But once you’ve spent long enough time here, you will see that Hong Kong is a concrete jungle not only for its buildings and underground tunnels, but also for zero social mobility. The resulting social structure under these circumstances is not one where everyone is talking about the global power dynamics, debating the benefits and harms of creative destruction, pondering the philosophical nature of the human existence, or even whispering the future of democracy. No. That is not Hong Kong. At least not the Hong Kong I have experienced. Living in Hong Kong as an expat is much more like attending the grand parties of the Great Gatsby, where the crème of the crop of the Ivy League and Oxbridge graduates proudly settle in the most fit-and-proper professions ranging from doctors, lawyers, accountants, to bankers and civil servants, toasting and celebrating the greatness of their own achievements.

Magnum, where film “Lan Kwai Fong” was filmed. Magnum Entertainment listed on the Hong Kong Stock Exchange in January 2014. The offering was over 3000 times oversubscribed. Currently shares trade 50% below its first week’s performance.


But the most mercenary aspect of Hong Kong is the ease of leaving her. During SARS, those who could leave deserted the city and made it a ghost town almost overnight. In the 1990’s (think 89 and 97), those who could afford to emigrate from Hong Kong have all obtained foreign passports, with Vancouver being one of the favorite destinations – and the reason behind my conversational Cantonese having grown up there.

Hong Kong, in this sad existence, is Mr. Gatsby himself. If he dies, no one will be staying for the funeral, because his guests are busy and have got other parties to catch.

Admittedly, for the better part of my 2 years in Hong Kong, I was one of them. I lived my life as a guest in Mr. Gatsby’s party, and I gave my love to every moment I have spent inside his doors. I have been there, standing in the VIP areas of Dragon-I/Volar/Levels/Magnum, on the floor, on the table, on the stage, feeling like I’m with the most important people in the entire world. I have been there, dropping my entire month’s salary hosting parties and treating friends ranging from my future best man to someone I have never even met and will never meet again. I have been there, posting photos of drinking and partying festivities on Facebook to gain popularity and social status, making acquaintances so numerous that deleting them all would probably be faster if I got a new phone and reinstalled Whatsapp.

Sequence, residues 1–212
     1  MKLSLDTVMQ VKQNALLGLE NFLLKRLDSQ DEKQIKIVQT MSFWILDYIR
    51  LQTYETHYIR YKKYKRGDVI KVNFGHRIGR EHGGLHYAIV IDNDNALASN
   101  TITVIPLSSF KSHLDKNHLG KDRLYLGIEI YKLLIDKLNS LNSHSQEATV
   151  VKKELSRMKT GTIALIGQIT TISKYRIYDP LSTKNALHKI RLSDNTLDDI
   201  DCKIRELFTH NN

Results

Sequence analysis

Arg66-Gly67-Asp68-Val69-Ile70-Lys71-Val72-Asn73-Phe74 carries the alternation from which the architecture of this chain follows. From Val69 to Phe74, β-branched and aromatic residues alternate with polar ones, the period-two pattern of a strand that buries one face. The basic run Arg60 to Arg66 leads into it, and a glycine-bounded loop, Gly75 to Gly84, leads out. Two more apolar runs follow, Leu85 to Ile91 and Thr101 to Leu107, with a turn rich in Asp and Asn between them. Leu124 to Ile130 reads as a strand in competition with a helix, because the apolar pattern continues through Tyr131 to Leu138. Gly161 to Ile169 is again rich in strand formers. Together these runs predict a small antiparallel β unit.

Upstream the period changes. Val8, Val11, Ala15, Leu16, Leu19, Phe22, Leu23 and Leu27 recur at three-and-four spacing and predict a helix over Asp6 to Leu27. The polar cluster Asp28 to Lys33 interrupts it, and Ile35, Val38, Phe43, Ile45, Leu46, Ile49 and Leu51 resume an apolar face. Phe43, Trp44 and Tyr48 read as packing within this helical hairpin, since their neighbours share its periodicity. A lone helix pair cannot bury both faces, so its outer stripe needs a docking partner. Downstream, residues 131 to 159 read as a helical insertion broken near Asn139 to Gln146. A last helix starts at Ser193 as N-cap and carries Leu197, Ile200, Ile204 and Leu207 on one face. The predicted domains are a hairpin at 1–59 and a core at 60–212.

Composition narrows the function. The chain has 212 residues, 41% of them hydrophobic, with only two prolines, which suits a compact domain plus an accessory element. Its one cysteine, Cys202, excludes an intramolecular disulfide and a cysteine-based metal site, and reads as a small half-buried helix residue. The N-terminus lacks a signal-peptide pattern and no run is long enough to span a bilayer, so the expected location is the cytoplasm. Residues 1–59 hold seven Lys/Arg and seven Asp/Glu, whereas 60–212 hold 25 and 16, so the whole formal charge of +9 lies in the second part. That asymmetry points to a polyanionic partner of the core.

What to expect on the table on a normal night with a large group of friends who work in finance


Don’t get me wrong. There are plenty of very successful people in Hong Kong who have found the right balance to achieve happiness across the spectrum of one’s life desires. But your 20’s is meant to be spent in a way to maximize your potentials, and the 24/7 work-party-sleep cycle isn’t exactly “maximizing” – it’s in fact “burning”, eating away the fuel and the drive to reach the dreams you once had.

After an all-nighter at the printer for a company’s IPO. Long hours typically result in a binary lifestyle swinging between extreme work and extreme play.


So as one of the most junior attendees of Mr. Gatsby’s great parties, I have chosen to walk away. After all, what is the point of devoting my most productive years to a grand party, only to be handed another glass of champagne, gazing upward to tycoons who will always be tycoons, and dancing alongside white-collars who will always be white-collars. Leaving Hong Kong was not because it was destroying my body or polluting my mind, but because it was killing who I could be.

  • Zen my Ass

    So, this dude is moving to Beijing where, in order to move on to a very successful career, he will have to lure hoards of government officials to local ktvs, weekly of course, bribe his way out to close as many deals as possible, survive pollution and heavy traffic, destroy his health by constant drinking and “business” meetings with potential clients… yes, I can see how this will improve his life.